With the dissolution of the Japan Racing Society, which had been established through the unification of a number of race clubs, and which had exclusively operated horse racing in Japan, horse racing which had thus far been officially approved was changed over to a nationally operated form of racing under the direct control of the national government. After that, in 1954, the government established JRA, a semi-governmental corporation, to conduct all aspects of horse racing. This has since developed into the horse racing which is conducted by JRA of today. On the other hand, in accordance with the new Horse Racing Law promulgated in 1948, races conducted by private equine organizations at that time were placed under the direct jurisdiction of local governments. In order words, these races were what are referred to today as Racing by Local Governments". Due to the fact that the operation of horse racing has been changed from the control of private equine organizations to that of local governments, the level of trust enjoyed by racing by local governments increased, while the sport itself has developed greatly.
With the revision of the Horse Racing Law in 1962, the National Association of Racing (NAR) was established as a statutory authority for the purpose of 1) uniformly conducting, for racing by local governments throughout Japan, such functions as the registration of race horses and owners, and licensing jockeys and trainers, thus far handled by the individual local governments; 2) promoting the fair and equitable operation of racing; and 3) utilizing part of the earnings from horse racing for the promotion of the livestock industry.
The operation of racing by local governments has been unified, and its foundation made more firm through the establishment of NAR. NAR is the racing authority for racing by local governments in Japan.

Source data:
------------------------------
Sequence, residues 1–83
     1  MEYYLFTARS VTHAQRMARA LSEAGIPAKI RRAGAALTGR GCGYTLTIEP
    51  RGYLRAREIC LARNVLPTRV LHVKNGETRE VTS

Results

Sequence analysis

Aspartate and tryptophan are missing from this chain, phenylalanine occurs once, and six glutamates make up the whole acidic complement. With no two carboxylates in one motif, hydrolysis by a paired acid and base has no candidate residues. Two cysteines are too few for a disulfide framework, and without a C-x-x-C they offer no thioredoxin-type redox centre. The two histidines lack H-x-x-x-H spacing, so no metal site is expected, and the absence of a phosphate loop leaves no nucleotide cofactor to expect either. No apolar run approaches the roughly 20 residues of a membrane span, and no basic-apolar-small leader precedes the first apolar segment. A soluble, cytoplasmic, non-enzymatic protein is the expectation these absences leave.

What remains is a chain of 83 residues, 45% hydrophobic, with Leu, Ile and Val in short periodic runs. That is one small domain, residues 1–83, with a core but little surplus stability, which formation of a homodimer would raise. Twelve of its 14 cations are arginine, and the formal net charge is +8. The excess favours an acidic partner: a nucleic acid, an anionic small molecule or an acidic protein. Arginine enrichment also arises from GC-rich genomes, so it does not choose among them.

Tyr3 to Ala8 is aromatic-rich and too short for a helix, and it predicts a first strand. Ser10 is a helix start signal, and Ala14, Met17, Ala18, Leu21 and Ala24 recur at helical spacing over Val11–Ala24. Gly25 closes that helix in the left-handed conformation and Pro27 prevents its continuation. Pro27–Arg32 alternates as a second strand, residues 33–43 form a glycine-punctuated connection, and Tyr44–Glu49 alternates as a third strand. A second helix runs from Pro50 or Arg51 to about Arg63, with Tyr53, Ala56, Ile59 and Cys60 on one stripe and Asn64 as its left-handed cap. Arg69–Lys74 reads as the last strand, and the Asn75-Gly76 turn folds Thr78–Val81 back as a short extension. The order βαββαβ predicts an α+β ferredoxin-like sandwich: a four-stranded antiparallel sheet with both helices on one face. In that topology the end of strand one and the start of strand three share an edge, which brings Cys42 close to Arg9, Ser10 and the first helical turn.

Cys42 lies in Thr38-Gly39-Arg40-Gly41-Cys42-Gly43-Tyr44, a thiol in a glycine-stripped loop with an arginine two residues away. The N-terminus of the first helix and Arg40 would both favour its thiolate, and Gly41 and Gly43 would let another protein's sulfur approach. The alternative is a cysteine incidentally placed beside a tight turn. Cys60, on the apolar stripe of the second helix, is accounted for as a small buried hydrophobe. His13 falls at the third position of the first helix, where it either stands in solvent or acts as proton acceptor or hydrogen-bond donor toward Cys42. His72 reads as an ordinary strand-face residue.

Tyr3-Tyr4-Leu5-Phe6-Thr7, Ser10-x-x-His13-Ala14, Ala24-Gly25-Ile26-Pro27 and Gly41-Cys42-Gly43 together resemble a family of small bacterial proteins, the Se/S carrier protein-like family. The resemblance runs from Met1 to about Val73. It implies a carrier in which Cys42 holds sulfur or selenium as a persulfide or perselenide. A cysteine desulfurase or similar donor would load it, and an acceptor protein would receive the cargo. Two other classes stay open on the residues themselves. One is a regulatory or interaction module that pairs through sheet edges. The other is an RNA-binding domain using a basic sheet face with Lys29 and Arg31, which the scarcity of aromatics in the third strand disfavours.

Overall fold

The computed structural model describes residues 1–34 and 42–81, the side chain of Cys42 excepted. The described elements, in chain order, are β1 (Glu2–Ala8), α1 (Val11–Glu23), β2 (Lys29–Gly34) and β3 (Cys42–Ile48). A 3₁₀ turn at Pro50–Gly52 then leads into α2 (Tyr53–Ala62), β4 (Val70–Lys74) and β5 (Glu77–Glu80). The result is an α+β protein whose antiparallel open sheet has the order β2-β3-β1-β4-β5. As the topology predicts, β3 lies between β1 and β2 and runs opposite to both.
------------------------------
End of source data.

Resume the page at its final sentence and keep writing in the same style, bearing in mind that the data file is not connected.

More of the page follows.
There are 14 local governments which conduct horse racing, including two prefectual and three municipal governments, and nine joined-organizations made up of their agencies.
The administrative regions in Japan are divided into 47 prefectures, 12 of which contain 17 racecourses where racing is conducted by local governments. JRA racing is usually conducted at two of these racecourses, and local governments rent these courses and facilities from JRA. And since there are 10 JRA racecourses, there are a total of 25 racecourses in Japan (JRA Sapporo and Chukyo racecourses are also used by local governments).
* The National Association of Racing (NAR)
|President||:||Mr. Hidenori Ukita|
|Address||:||2-2-1, Azabudai, Minato-ku, Tokyo 106-8639 Japan|
Races and Racecourses
Details of how races are conducted
A total of approximately 15,500 individual races are conducted by 14 local governments at 17 racecourses for 1,400 days each year.
Race meeting in small and medium-sized towns are scheduled mainly on weekends, while those in large cities of Tokyo and Kansai areas are usually scheduled on weekdays, in order to best cooperate with JRA.
Although racecourses in Hokkaido and Tohoku area, which are in the northern regions of Japan, are closed during the winter due to heavy snowfall, races are conducted all year around at racecourses throughout the rest of the country.